What's up in
The universe has not cooperated with physicists’ hopes. In desperation, many are looking for new ways to search for surprises at the Large Hadron Collider.
Reductionism breaks the world into elementary building blocks. Emergence finds the simple laws that arise out of complexity. These two complementary ways of viewing the universe come together in modern theories of quantum gravity.
Physicists are trying to rewrite the axioms of quantum theory from scratch in an effort to understand what it all means. The problem? They’ve been almost too successful.
Even as the solar eclipse was mesmerizing millions, astronomers were training their space- and land-based telescopes on a far more violent astrophysical event.
The mathematician Svitlana Mayboroda and collaborators have figured out how to predict the behavior of electrons — a mathematical discovery that could have immediate practical effects.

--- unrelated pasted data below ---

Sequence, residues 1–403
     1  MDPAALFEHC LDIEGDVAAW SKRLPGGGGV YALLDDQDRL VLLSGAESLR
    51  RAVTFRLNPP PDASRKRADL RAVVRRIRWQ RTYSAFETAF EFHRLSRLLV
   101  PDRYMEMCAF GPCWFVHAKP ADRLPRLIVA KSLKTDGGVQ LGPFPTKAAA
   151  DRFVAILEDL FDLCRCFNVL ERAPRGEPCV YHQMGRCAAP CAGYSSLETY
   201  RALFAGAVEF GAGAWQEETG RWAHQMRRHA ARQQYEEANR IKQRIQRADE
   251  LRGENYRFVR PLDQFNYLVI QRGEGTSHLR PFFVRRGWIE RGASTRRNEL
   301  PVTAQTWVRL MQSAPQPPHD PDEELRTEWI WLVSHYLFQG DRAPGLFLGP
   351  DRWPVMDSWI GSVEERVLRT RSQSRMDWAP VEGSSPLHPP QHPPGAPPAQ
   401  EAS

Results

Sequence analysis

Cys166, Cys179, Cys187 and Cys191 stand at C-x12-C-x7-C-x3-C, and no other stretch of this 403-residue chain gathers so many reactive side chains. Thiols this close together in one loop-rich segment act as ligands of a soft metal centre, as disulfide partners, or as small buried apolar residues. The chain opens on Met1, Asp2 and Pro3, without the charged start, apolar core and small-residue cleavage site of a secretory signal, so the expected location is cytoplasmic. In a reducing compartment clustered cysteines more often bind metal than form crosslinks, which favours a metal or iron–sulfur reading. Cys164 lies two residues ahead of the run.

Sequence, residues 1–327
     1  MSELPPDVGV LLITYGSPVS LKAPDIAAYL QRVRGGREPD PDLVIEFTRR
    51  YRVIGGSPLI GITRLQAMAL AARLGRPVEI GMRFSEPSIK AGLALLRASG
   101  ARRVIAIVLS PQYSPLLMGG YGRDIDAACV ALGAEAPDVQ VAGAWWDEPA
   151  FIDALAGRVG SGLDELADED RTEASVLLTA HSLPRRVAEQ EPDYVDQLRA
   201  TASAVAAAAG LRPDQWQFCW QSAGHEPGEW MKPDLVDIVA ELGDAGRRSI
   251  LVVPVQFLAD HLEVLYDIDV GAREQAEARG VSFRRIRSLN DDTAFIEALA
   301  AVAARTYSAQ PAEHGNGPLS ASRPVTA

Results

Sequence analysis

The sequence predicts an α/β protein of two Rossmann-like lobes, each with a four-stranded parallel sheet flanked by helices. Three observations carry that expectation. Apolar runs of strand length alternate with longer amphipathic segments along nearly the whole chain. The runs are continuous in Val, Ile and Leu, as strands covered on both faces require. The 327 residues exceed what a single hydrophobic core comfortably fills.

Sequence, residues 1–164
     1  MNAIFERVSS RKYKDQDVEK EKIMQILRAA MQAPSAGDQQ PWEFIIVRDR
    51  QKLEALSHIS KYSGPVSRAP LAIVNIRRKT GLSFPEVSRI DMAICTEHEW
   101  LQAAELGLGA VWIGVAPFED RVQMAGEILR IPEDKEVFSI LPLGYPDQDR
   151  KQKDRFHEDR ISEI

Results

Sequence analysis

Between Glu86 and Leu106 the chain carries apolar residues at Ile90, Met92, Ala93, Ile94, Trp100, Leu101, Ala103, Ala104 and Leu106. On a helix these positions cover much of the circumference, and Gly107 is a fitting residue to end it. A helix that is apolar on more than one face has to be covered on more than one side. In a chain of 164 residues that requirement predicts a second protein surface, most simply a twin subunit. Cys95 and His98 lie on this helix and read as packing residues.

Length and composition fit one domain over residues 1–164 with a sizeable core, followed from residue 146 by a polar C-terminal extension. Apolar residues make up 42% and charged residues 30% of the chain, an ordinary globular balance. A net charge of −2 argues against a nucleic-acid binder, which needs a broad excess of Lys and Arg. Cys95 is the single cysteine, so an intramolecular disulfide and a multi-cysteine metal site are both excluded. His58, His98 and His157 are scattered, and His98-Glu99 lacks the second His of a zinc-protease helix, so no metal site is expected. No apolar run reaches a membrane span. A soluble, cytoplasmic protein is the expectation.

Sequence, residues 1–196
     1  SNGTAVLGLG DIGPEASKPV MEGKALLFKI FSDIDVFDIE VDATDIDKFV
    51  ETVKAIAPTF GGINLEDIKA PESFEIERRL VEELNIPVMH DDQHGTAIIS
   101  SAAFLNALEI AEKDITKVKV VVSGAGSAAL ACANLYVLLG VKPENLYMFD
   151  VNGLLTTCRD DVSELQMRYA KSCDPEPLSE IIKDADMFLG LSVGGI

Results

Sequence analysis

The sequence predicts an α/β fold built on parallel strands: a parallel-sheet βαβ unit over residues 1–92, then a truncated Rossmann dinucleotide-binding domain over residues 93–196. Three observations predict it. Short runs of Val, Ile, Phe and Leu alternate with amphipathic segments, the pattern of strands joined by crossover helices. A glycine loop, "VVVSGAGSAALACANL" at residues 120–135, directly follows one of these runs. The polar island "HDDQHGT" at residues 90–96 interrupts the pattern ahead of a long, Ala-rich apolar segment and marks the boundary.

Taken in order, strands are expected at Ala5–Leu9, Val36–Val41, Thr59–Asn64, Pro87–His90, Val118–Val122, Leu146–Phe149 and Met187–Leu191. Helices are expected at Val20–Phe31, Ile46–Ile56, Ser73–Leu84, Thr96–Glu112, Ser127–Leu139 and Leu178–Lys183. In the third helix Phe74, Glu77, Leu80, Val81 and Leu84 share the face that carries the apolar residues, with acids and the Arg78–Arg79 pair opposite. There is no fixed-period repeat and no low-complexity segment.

Even in the age of sun-observing satellites, astronomers like Jay Pasachoff still seek out total solar eclipses for the tales they can tell about our sun.
The first major results from the Dark Energy Survey signal the start of a new era of cosmology.
Textbooks say that the moon was formed after a Mars-size mass smashed the young Earth. But new evidence has cast doubt on that story, leaving researchers to dream up new ways to get a giant rock into orbit.